In spite of being the birthplace of the genre as we know it today (so-called “1st wave” bands notwithstanding), Norway’s icy grip on black metal has loosened considerably over the course of the last several decades. Many of the scene’s godfathers either called it a day (Emperor) or shifted their musical stylings away from black metal to varying degrees (see: Ulver’s fruit-bot trip hop, Darkthrone’s journey down the ol’ Manilla Road, Enslaved’s psychedelic Viking-prog, etc), leaving Norwegian black metal fragmented. With the next generation of Norse BM practitioners either not yet ready or perhaps not willing to step up and take their places at the dark lord’s left hand, the focus of black metal has centered on other countries such as France and the US in recent years.
One band that’s making a thoroughly impressive attempt to re-hoist the black flag for Norway is Throne of Katarsis, who have been playing raw and scathing yet compositionally complex black metal since 2002. Although the band has yet to ascend to the heights of recognition attained by their forebears, Ved Graven just might prove to the be the album that finally brings the corpsepainted quartet the attention they so obviously deserve.
You see, Throne of Katarsis is just the sort of band Norwegian black metal needs at this juncture. They are preservationists who understand their chosen genre implicitly, yet aren’t content to simply repeat what has come before. Whereas early norse BM largely relied on repetition and a primitive musical skill set, Throne of Katarsis bring dynamic songwriting and instrumental prowess to the established framework. The music on Ved Graven adheres to tradition, yet never becomes monotonous in spite of the lengthy compositions; the tracks are dark and cavernous with myriad twists and turns, creating a sonic labyrinth for the listener to navigate through. It isn’t exactly progressive per se, but it does strike an interesting balance between black metal’s inherently barbaric nature and a musician’s desire to master their instrument.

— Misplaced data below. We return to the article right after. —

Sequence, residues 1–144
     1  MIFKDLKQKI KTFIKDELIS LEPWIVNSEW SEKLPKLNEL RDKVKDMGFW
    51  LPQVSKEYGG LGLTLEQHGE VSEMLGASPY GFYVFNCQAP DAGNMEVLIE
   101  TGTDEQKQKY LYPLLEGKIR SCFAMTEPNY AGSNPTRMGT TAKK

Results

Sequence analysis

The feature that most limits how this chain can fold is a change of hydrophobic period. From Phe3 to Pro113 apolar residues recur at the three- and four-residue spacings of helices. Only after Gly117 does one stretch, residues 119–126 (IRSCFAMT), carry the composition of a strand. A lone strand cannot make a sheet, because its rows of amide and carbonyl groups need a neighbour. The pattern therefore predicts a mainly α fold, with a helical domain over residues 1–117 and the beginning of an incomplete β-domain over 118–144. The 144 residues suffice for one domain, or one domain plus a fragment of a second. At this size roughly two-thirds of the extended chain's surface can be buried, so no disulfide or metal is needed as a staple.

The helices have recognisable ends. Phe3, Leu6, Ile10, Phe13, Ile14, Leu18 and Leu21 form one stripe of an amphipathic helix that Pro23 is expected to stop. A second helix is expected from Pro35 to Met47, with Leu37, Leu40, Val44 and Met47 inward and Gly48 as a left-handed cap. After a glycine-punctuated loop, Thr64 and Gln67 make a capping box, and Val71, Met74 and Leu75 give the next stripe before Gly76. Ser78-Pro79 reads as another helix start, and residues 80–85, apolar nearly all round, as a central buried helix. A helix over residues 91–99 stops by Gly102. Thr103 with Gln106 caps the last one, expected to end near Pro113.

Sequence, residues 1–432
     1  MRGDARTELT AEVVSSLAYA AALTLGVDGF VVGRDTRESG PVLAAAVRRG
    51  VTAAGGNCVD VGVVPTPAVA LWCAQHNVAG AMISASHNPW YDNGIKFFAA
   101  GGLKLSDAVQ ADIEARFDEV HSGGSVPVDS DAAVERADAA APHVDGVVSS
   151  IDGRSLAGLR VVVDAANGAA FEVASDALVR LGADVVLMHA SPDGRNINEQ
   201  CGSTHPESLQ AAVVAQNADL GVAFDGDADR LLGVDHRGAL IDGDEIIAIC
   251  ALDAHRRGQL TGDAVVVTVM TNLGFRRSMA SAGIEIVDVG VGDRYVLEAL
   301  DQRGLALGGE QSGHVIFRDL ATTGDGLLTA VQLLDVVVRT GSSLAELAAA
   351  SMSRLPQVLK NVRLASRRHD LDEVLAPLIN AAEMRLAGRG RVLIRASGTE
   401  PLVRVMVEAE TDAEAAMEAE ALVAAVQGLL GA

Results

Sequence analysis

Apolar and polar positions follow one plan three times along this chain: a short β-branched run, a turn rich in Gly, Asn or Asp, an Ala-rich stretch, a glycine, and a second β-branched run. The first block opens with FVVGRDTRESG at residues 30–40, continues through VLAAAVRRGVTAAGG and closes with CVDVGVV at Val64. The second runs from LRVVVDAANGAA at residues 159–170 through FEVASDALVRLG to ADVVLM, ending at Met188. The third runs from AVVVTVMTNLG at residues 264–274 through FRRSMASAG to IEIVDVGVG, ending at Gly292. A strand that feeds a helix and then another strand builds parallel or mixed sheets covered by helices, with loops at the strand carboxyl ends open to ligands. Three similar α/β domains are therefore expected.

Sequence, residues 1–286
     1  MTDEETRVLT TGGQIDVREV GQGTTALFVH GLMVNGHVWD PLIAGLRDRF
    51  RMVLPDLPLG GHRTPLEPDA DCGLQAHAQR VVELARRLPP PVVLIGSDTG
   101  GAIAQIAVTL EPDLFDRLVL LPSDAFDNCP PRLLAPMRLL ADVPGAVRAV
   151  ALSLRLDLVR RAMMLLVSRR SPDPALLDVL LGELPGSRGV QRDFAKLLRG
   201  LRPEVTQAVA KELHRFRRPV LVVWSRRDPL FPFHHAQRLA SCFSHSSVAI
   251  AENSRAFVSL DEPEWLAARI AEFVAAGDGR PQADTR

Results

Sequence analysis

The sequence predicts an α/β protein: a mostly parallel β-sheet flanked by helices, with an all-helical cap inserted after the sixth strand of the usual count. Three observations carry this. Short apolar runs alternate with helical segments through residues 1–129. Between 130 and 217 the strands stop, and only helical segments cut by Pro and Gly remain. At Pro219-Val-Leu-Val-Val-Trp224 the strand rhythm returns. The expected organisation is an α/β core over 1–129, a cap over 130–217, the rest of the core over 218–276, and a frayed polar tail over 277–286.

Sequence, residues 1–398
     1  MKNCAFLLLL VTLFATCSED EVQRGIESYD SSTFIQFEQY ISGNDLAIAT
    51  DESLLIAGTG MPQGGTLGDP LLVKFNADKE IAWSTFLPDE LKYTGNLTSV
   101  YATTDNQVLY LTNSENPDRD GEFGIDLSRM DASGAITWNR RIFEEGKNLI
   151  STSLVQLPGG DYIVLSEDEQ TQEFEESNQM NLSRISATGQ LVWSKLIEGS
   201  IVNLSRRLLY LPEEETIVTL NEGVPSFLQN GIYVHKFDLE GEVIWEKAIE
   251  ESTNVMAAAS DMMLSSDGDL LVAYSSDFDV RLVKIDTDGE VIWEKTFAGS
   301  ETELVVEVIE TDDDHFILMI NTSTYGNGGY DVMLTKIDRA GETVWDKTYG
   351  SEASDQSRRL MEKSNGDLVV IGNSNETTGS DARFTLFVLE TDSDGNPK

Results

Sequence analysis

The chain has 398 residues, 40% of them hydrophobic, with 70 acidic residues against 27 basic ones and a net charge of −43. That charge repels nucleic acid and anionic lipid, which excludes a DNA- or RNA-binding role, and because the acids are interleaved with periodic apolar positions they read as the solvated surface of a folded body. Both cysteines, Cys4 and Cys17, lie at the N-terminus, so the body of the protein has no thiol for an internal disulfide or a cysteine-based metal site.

And what about atmosphere? Ved Graven has it in spades; the music here is as chilling and morbid as the open grave image adorning the album’s cover. The guitar tone is a jagged and frostbitten buzz, like ice cold winds sweeping through a snow-covered graveyard. The production scheme is mostly devoid of low end (inaudible bass is a hallmark of Norwegian black metal, after all) without succumbing to dental drill-style treble overload, and is of course reverbed all to hell, as if echoing out of the abyss. Throne of Katarsis maintain black metal’s grim, lo-fi aura without sacrificing clarity, as each riff and transition is easily discernible in spite of the harsh soundscapes being created.
Ultimately, Ved Graven is a statement of intent, embracing the fundamentals of Norwegian black metal while at the same time refining them. With the genre being such an integral part of Norway’s identity within the metal scene even as its influence and infamy have continued to wane over the years, it’s refreshing to see Throne of Katarsis make such a thoroughly convincing case for the country’s continued relevance.